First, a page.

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Amicus Briefs by Topic




People v. Evelyn Humphrey, Supreme Court of California, December 1995

Brief on behalf of battered woman defendant convicted of voluntary manslaughter for shooting abusive boyfriend.  Brief argues that trial court erred by instructing jury it could not consider expert testimony on battering in its determination of the reasonableness of defendant’s fear when she shot decedent.

Reversed, 13 Cal. 4th 1073, 56 Cal. Rprt. 2d 142, 921 P.2d 1 (1996) (evidence of battering and its effects was relevant to reasonableness, as well as existence of defendant’s subjective belief in need to defend.)


Commonwealth v. Beth Markman, Supreme Court of Pennsylvania, 2003

Brief on behalf of battered woman defendant sentenced to death for participating with abusive boyfriend in murder of third person.  Brief argues that court erroneously barred duress instruction on flawed reasoning that defendant “recklessly placed” herself in the situation, and wrongfully precluded battering expert.  Brief analyzes relevance of battering evidence to duress and refutes court’s misconceptions.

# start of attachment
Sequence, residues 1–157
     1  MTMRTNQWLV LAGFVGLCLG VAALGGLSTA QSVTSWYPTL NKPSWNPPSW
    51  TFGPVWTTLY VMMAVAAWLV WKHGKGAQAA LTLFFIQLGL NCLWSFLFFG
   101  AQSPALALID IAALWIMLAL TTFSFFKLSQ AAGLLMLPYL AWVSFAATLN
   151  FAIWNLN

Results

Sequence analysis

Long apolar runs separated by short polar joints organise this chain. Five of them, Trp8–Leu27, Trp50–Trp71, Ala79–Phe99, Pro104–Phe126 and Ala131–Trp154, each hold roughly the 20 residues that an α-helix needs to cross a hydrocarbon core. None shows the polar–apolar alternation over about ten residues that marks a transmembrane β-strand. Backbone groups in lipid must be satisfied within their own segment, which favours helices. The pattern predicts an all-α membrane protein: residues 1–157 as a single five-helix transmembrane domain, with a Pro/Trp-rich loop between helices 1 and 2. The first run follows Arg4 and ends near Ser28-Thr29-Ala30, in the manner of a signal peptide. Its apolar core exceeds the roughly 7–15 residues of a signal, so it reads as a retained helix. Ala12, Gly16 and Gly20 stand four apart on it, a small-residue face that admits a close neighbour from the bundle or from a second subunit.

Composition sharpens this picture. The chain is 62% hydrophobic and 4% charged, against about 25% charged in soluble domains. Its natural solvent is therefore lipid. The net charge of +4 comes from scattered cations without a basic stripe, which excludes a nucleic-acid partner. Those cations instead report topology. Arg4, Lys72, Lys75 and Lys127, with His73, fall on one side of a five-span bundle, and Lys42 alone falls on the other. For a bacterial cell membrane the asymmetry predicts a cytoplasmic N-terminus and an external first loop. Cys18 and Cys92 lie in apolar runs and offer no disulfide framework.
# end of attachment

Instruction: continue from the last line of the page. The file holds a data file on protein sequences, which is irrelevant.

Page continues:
Reversed on other grounds.  591 Pa. 249, 916 A.2d 586 (2007)

NCDBW note:  Court finds duress instruction should have been given and this holding is not dicta. (591 Pa. at 283-290, 916 A.2d at 605-612)


People v. Nettie Reay, Supreme Court of California, January 2002

Brief on behalf of battered woman defendant coerced by abusive boyfriend to participate in killing of third person.  Brief argues that jury should have been instructed on defense of duress, and analyzes admissibility and relevance of battering evidence to battered women’s duress claims. 

Affirmed.  Unpublished decision, 2003 Cal. App. Unpub. LEXIS 7957, 2003 WL 21983858 (2003.)

NCDBW note:  Affirmed based on retroactive application of new rule barring duress as defense to murder.


State v. Vernita Smith, Supreme Court of Georgia, March 1997

Brief on behalf of battered woman defendant convicted of manslaughter for shooting abusive husband.  Brief argues that defendant should have received specific jury instructions explaining how evidence of battering relates to self-defense. 

Reversed.  268 Ga. 196, 486 S.E.2d 819 (1997)

NCDBW Note:  Defendant entitled to specific jury instruction explaining how experiences as battered person affected state of mind.

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